In Peru, this manifested specifically in the evolution of coverage of protest movements over the past year. The initial wave of protests spurred by leftist Pedro Castillo’s move to dissolve congress was depicted as specifically anti-Castillo. However, this narrative is muddled by the seamless evolution of the protest movement into one which opposes the rightist coalition of Boluarte and seeks new elections. Indeed, some reporting indicates, far more plausibly and contrarily, that demonstrations (which took place predominantly in rural regions, the same areas responsible for Castillo’s election) were in opposition to the removal of Castillo from office. More interestingly, the current protests, which are also sympathetic to Castillo to an extent, are similarly not cast as such. Instead, the media has muted the Peruvian protesters’ goals through the use of the primary descriptor “anti-government.” Besides the obvious invocation of fears about anarchists or subversives represented by this term, it also dampens the explicit political goals of the protesters. 

In this coverage, we see the tension between the inertia of neocolonial force and a requisite affectation of anticolonial language. In other words, we are witnessing how the United States reacts to self-determination when the people envision a future that no longer caters to the former’s interests. The solution is to constrain the range of political options even mentioned. Constructed for the people is a false choice between reelecting Boluarte and electing someone else, the epitome of choice in liberal democracy. Left out of the picture is what many of the protesters seem to be most interested in: returning Castillo to power. Of course, the United States and its bourgeois press cannot say this outright and instead simply neglect to mention it as a real and fervent demand of the Peruvian people. So they tell us instead that what the people want is new elections, which while not an outright lie, hides the important reasons why the people might want them, i.e. to elect either Castillo or someone from his party. The only agency we are shown the people taking is demanding electoralism, choice itself. In this way, self-determination is made into a caricature of itself: the people have determined for themselves only that they must make more determinations. Nowhere in this process is policy or power ever shifted.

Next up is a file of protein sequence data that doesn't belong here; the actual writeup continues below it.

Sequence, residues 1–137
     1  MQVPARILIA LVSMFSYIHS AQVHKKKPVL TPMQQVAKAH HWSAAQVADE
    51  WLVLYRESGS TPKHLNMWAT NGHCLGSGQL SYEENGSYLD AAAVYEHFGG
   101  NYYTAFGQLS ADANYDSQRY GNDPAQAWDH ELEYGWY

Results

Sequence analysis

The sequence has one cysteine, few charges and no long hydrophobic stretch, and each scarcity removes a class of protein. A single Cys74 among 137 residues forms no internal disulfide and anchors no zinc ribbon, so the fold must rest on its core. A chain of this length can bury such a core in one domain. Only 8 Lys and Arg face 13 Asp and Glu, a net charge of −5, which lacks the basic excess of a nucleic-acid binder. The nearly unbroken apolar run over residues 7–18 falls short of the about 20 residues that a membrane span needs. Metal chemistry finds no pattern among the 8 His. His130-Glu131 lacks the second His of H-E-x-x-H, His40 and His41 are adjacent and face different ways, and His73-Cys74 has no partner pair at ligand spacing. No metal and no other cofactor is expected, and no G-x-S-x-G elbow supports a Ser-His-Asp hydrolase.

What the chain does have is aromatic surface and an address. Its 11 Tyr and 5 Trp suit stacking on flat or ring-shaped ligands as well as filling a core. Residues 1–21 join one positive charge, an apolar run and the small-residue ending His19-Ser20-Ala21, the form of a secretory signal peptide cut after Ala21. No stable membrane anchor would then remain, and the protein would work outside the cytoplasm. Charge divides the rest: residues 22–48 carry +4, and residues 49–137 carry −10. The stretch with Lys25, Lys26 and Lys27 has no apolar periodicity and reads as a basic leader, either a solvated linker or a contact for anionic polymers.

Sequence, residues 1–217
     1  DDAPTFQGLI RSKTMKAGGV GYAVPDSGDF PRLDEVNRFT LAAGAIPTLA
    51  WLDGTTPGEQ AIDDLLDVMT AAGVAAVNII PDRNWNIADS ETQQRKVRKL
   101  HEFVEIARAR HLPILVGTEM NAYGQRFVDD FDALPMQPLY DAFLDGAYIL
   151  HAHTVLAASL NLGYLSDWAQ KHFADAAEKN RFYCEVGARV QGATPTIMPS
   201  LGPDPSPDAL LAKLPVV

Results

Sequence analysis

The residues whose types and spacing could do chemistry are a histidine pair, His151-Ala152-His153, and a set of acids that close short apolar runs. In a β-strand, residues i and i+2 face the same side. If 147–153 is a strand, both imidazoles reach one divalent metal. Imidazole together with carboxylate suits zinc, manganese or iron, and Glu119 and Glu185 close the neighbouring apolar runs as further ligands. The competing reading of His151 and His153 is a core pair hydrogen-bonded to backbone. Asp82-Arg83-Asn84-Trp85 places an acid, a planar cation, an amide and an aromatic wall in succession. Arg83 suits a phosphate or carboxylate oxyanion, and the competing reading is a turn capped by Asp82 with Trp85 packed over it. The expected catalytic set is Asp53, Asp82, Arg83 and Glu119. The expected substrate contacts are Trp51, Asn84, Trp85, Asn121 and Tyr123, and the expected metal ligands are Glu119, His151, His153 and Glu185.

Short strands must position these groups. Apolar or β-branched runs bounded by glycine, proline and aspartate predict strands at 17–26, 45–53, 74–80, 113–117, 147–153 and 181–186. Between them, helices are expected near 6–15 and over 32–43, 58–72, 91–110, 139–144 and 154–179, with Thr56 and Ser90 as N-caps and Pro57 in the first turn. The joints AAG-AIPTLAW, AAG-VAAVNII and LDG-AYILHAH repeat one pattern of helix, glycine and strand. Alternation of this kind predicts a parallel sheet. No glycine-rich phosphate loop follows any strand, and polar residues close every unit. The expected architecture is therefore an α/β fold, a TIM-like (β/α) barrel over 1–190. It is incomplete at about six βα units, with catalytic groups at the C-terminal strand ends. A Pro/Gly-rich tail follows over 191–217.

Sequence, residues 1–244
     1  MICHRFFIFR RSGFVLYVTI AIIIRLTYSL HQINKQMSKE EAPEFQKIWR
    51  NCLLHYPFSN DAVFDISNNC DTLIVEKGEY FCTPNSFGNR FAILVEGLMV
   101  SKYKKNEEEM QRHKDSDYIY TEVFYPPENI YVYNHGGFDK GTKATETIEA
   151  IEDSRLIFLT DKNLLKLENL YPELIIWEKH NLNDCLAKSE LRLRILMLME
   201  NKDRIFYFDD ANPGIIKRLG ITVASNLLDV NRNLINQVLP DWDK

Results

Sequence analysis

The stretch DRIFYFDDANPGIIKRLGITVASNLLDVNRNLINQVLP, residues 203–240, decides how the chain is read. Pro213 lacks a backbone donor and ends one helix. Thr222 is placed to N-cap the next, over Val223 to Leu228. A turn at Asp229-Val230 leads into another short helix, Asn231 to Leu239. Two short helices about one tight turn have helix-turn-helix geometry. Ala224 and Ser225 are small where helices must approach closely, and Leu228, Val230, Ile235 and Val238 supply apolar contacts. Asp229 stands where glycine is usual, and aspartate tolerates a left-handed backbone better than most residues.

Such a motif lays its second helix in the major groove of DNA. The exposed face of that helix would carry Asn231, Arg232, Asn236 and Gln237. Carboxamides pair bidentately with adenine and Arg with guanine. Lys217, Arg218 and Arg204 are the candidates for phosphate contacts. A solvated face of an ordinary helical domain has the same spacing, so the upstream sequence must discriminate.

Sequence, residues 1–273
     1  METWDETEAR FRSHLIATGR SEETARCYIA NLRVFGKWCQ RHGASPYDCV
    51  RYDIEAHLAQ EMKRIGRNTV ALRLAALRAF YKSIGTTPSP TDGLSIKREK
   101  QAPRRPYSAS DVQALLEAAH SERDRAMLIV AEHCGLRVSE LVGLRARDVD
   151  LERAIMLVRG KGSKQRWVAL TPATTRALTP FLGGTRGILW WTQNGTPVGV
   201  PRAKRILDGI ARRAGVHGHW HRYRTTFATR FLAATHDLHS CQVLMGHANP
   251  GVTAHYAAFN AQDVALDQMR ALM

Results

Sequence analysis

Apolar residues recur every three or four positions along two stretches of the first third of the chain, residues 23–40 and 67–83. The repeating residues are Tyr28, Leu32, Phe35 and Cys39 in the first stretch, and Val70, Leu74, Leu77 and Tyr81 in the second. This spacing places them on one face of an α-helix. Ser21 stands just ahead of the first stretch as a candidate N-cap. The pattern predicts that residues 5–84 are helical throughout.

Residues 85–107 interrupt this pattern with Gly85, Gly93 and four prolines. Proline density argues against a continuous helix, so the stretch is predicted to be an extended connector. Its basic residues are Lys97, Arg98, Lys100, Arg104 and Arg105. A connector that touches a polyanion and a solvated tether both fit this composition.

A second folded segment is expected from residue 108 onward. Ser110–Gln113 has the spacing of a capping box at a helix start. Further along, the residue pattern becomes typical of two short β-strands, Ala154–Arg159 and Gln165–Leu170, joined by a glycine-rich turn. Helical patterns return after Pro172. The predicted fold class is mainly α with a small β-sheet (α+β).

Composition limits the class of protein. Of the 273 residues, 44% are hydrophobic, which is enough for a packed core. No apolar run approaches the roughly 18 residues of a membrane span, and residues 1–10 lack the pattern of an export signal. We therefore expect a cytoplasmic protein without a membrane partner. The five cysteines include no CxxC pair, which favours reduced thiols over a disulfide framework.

To be clear, I of course have concerns regarding Castillo’s decision to dissolve congress, embattled as his cabinet may have been. Nonetheless, my point is that we should remain particularly cautious of media coverage of protest movements that purport to irrefutably represent the demands, causes, and makeup of what will always be a heterogeneous group. Furthermore, we ought to understand the particular ways in which this sort of media coverage can serve to mediate the inherent contradictions in the interests and statements of the U.S. and its allies.